US Navy aircraft designations, 1939-1945

Discussion in 'Aviation' started by evangilder, Jun 14, 2011.

  1. evangilder

    evangilder "Shooter"
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    #1 evangilder, Jun 14, 2011
    Last edited: Jun 17, 2011
    US Navy aircraft designations used between 1939 and 1945 are kind of cryptic and confusing, but every digit in the designation has meaning. Not all components of the designation are used for all aircraft, which adds to the confusion. Hopefully, this will help make it more clear.

    Basic components of the designation system

    1. Special Class or Prefix
    This was used for aircraft that had special purposes. There were only three types in the special class.

    X Experimental classification
    L Gliders
    H Helicopters

    2. Aircraft Type or Class
    This was the main identifier of the types of duties or missions that the aircraft would perform. There are several in this classification.

    A Ambulance
    B Bomber
    BT Bomber-Torpedo
    F Fighter
    G Single-engined Transport
    H Hospital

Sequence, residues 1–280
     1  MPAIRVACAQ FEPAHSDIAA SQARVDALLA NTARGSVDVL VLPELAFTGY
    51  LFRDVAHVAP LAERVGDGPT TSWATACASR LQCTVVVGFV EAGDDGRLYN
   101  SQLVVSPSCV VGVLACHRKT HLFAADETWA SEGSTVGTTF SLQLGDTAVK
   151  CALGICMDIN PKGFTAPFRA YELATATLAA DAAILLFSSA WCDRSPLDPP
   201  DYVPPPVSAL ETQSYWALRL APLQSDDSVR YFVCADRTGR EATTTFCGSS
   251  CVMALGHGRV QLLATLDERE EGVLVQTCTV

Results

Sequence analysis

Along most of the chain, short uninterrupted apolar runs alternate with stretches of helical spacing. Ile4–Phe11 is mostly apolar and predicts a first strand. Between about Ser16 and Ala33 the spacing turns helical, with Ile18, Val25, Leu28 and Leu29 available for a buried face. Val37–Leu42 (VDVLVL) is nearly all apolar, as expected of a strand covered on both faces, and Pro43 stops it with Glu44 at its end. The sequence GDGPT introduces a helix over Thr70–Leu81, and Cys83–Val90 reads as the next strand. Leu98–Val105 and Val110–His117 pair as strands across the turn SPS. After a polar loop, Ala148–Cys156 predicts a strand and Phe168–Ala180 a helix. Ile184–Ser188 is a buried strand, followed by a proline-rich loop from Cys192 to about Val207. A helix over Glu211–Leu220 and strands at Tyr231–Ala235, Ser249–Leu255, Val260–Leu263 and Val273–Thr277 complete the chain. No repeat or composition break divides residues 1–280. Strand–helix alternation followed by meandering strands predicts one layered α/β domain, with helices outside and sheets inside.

J Utility
    JR Utility Transport
    N Trainer
    O Observation
    OS Observation-Scout
    P Patrol
    PB Patrol-Bomber
    R Transport
    S Scout
    SB Scout-Bomber
    SN Scout-Trainer
    SO Scout-Observation
    TB Torpedo-Bomber
    TD Target Drone
    TS Torpedo-Scout

    3. Manufacturer's Type Sequence
    If this was the first of the type, no number was included. If there were multiple manufacturer types, a number great than 2 would be insterted between the Aircraft Type and the manufacturer code.

    4. Manufacturer Codes
    This is where things can get a little fuzzy, as some manufacturers were glider manufacturers with designations used for non-glider production. There are also times when designations were used for multiple manufacturers. I will denote which ones were for gliders.

    A Allied Aviation Corporation (gliders)
    A Brewster Aeronautical
    B Beech
    B Boeing
    B Budd Manufacturing
    C Culver Aircraft Corp.
    C Curtiss Aeroplane Motor Co.
    D Douglas Aircraft Corp., McDonnell Aircraft Corp. in 1942
    D Radioplane Corp. (drones)
    E Edo Aircraft Corp.
    E Gould Aeronautical Corp. (gliders)
    E Piper Aircraft Corp.
    E Pratt-Read (gliders)
    F Fairchild Aircraft, Ltd. Canada
    F Grumman Aircraft Engineering Corp.
    G Goodyear Aircraft Corp.
    G Great Lakes Aircraft Co.
    G A.G.A. Aviation Corp. (gliders)
    H Hall-Aluminum Aircraft Corp.
    H Howard Aircraft Co.
    H Snead and Co. (gliders)
    J North American Aviation Corp.
    K Fairchild Aircraft Corp.
    K Kaiser Cargo, Inc. Fleetwings Div.